A Different School Culture

            Madagascar has a different school culture, like many other things, than the U.S.  Having spent the year before coming to Madagascar teaching high school history, not to mention having spent most of my life in an American school, I thought I was prepared for a teachers life in Madagascar.  Looking at the school culture now, two years later, it seems easy and chill but that was far from the case when I first arrived.  For about the first six months it was confusing; infuriating at times.  I learned over my first year the “schedule” when things would happen or not happen and now I have adjusted and just roll with it. 
            The school schedule has to be the one thing that gave me the most trouble in the beginning.  There are many holidays in the Malagasy school calendar but what is not there, at least in my school

Walk Down Memory Lane

             As I walk down the streets of Farafangana I am reminded of my first time arriving in this town.  I sometimes see the dark empty streets of the Farafangana as they were when I was first came through here during my installation.  So much has changed during these last two years. 
            When I first arrived two years ago it was my first time in the Sud Est.  I had just sworn in as a new Peace Corps Volunteer and spent the last two days traveling with three other volunteers in a Peace Corps car from Antananarivo to Farafangana, our banking town and what would act as the staging point for our installations.  As we had made our way down we stopped at all of the volunteers

Serving Alone

            Within the first month of arriving and starting my training here in Madagascar I received the name of the site where I would be living and serving for the next two years;  Vondrozo, a small town in the Sud Est of Madagascar.  I knew very little about the place at the time except for a ruff idea of its location on the map.  Not too far from everything, it seemed, and I had some friends that were going to be living in my banking town just 70 km (42 miles) away; not to shabby. 
The first thing I learned about the site, and what was repeated to me every time the town was brought up, was how bad the road was.  Tena ratsy be ny lalana (Really very bad road)” was every Malagasy person’s response to “I’m going to be in Vondrozo.”  But I mountain biked in the States, I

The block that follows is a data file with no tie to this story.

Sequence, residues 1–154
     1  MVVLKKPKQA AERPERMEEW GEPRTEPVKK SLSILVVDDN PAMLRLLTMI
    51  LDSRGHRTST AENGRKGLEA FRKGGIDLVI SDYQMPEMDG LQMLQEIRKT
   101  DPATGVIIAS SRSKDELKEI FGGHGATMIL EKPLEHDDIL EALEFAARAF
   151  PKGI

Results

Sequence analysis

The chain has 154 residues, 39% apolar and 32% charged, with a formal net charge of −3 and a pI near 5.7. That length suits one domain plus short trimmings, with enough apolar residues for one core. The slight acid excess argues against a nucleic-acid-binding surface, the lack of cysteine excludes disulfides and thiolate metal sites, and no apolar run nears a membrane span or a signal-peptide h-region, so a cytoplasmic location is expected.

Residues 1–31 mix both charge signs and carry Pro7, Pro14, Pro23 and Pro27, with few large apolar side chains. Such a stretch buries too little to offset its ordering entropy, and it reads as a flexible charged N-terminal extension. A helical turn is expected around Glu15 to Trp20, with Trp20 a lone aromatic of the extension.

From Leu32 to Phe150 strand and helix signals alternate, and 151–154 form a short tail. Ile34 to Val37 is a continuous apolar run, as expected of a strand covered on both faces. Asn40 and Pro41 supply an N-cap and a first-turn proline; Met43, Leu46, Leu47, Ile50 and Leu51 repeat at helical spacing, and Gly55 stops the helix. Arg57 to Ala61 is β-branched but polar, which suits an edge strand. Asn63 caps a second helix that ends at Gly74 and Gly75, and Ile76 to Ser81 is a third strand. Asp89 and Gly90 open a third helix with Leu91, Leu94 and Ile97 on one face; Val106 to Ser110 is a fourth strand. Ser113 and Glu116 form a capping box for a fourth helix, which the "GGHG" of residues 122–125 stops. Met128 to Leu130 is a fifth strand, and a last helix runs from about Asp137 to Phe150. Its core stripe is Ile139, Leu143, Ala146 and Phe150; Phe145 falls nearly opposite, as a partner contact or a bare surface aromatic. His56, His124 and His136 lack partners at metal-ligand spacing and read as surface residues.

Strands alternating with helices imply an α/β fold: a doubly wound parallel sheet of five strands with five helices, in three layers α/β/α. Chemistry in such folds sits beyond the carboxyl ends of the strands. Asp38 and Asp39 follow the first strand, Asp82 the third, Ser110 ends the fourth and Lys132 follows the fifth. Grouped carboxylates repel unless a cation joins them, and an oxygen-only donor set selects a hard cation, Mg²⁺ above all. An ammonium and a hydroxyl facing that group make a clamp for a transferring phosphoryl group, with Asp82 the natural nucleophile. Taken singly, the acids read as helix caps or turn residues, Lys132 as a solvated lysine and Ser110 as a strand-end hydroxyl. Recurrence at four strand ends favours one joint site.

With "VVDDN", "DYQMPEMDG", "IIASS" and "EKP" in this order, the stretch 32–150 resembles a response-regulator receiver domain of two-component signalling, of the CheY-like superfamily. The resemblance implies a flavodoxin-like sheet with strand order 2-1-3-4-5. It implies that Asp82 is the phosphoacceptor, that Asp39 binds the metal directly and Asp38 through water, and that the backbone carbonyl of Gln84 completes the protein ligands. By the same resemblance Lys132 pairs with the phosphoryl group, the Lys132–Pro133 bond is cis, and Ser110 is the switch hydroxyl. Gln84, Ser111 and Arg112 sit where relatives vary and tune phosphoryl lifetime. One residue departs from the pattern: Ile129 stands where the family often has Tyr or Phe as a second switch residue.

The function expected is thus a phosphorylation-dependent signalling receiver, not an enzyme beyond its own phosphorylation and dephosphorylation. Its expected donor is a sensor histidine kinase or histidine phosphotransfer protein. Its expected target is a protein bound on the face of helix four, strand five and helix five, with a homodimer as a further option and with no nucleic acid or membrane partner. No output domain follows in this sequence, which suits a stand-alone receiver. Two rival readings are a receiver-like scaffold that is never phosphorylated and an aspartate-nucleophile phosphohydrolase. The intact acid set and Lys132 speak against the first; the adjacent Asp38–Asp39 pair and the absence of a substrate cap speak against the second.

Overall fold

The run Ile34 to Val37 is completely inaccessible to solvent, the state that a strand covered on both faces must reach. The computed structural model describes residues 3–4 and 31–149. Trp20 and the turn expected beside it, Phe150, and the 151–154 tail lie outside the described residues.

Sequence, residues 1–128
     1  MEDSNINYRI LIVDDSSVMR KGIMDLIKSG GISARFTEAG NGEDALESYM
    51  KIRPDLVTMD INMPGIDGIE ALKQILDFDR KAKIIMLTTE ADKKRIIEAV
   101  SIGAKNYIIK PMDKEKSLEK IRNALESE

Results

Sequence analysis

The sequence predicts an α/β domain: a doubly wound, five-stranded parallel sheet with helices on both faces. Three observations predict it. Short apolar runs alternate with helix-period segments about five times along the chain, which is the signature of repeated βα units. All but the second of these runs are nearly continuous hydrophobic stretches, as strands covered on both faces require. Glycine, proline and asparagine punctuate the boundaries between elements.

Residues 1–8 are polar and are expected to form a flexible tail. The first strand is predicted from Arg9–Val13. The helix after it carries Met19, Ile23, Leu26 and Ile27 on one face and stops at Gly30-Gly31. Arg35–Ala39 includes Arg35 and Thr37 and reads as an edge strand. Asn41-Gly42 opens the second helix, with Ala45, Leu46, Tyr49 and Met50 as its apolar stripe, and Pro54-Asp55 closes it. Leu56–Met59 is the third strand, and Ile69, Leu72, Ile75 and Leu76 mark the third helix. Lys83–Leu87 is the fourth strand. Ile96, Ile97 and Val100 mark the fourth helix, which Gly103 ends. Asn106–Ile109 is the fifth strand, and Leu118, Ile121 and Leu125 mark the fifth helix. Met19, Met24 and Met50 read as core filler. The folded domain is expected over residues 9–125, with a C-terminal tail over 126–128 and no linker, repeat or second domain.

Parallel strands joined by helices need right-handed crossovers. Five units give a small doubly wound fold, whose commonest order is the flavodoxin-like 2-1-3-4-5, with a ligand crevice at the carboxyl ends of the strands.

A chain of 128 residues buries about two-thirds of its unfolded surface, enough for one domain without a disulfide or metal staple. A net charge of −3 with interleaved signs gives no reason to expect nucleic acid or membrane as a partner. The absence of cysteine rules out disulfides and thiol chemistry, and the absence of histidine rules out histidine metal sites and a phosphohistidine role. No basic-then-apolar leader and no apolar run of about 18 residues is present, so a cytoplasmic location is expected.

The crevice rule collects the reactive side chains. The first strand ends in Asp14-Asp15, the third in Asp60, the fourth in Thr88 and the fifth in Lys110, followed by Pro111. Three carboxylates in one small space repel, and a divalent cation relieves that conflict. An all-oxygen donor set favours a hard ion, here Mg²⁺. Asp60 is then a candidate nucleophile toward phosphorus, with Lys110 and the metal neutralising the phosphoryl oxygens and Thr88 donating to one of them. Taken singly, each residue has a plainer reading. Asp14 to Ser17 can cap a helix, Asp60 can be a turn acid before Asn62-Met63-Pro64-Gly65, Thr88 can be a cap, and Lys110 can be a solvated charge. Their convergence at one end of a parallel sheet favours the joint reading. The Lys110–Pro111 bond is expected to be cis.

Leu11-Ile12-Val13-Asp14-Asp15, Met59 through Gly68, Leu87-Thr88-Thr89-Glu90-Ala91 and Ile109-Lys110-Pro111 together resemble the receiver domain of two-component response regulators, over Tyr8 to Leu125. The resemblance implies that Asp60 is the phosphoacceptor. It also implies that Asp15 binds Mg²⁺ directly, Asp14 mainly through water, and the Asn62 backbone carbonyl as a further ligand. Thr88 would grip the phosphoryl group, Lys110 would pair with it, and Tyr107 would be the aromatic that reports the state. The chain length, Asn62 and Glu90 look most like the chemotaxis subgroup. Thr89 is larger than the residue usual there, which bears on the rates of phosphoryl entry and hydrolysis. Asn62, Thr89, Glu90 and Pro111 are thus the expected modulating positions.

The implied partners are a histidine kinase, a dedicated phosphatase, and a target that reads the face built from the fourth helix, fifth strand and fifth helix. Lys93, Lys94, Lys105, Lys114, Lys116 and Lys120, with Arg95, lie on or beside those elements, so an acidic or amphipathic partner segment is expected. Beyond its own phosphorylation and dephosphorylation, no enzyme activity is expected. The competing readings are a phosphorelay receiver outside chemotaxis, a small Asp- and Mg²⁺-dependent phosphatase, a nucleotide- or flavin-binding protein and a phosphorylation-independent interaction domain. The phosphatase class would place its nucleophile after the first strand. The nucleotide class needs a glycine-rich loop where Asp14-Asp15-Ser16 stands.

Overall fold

Out and About

            Those of you that follow me on Facebook have probably noticed that I have been posting pictures of Madagascar with the hashtag #OutandAbout. This has been part of a photo challenge that has a different theme each month with ten different photos prompts aligned with it.  During the ‘Out and About’ challenge I tried to show images from around Madagascar so that viewers could see the differences of this great country.  Madagascar has many different terrains, tribes, dialects, housing, ext but it is still one country, one island, one people. 
            This challenge has had me show many different terrains from all over Madagascar taken


            Morondava, located on the west coast of Madagascar, is one of the most popular destinations for tourists.  The town itself is sits on the coast of the Mozambique Channel and is the starting point for many different excursions along the coastal area.  The two main attractions of this area is the Alley of Baobabs and the Tsingy, sandstone rock formations created by erosion.  The Alley of Baobabs, the only excursion that I did, is a short car ride outside of town on a red dirt road.  As you travel down the dirt road between rice paddies and through small stream crossings you are inundated with the beauty of the Malagasy countryside.  The rice paddies and roadside become dotted more and


            Ambositra is a town in the central highlands of Madagascar located on the RN7, the main thoroughfare when going from Tana to anywhere in the south.  Although it is a fairly big Highland town, it is one that many travelers and tourist simply pass through on their way north or south.  This being said it is a welcome stop for those who want to purchase any wooden souvenirs or see one of the historic Rovas (royal palace).  Ambositra is known as the center of the wood carving industry in Madagascar and one will find streets lined with shops selling wooden figurines, ornately carved furniture, games, and such.  With the trade in wood products comes the occasional trade in rosewood,


            Ambalavao is a small bustling town in the southern highlands of Madagascar set off the main road on the way to Isalo from Fianarantsoa.  Though it may not be a main stop, or even a stop, for most passersby’s it is a great town to see the creation of some of the iconic souvenirs found throughout Madagascar.  The town itself is a typical Highland town with its brick houses and churches but what makes it different is the large cattle market, Antaimoro paper, silk making, and it is the stageing place for the trek up Andringitra, the second tallest mountain in Madagascar. 
            Upon my arrival in Ambalavao I found a hotel just outside of town which turned out to have
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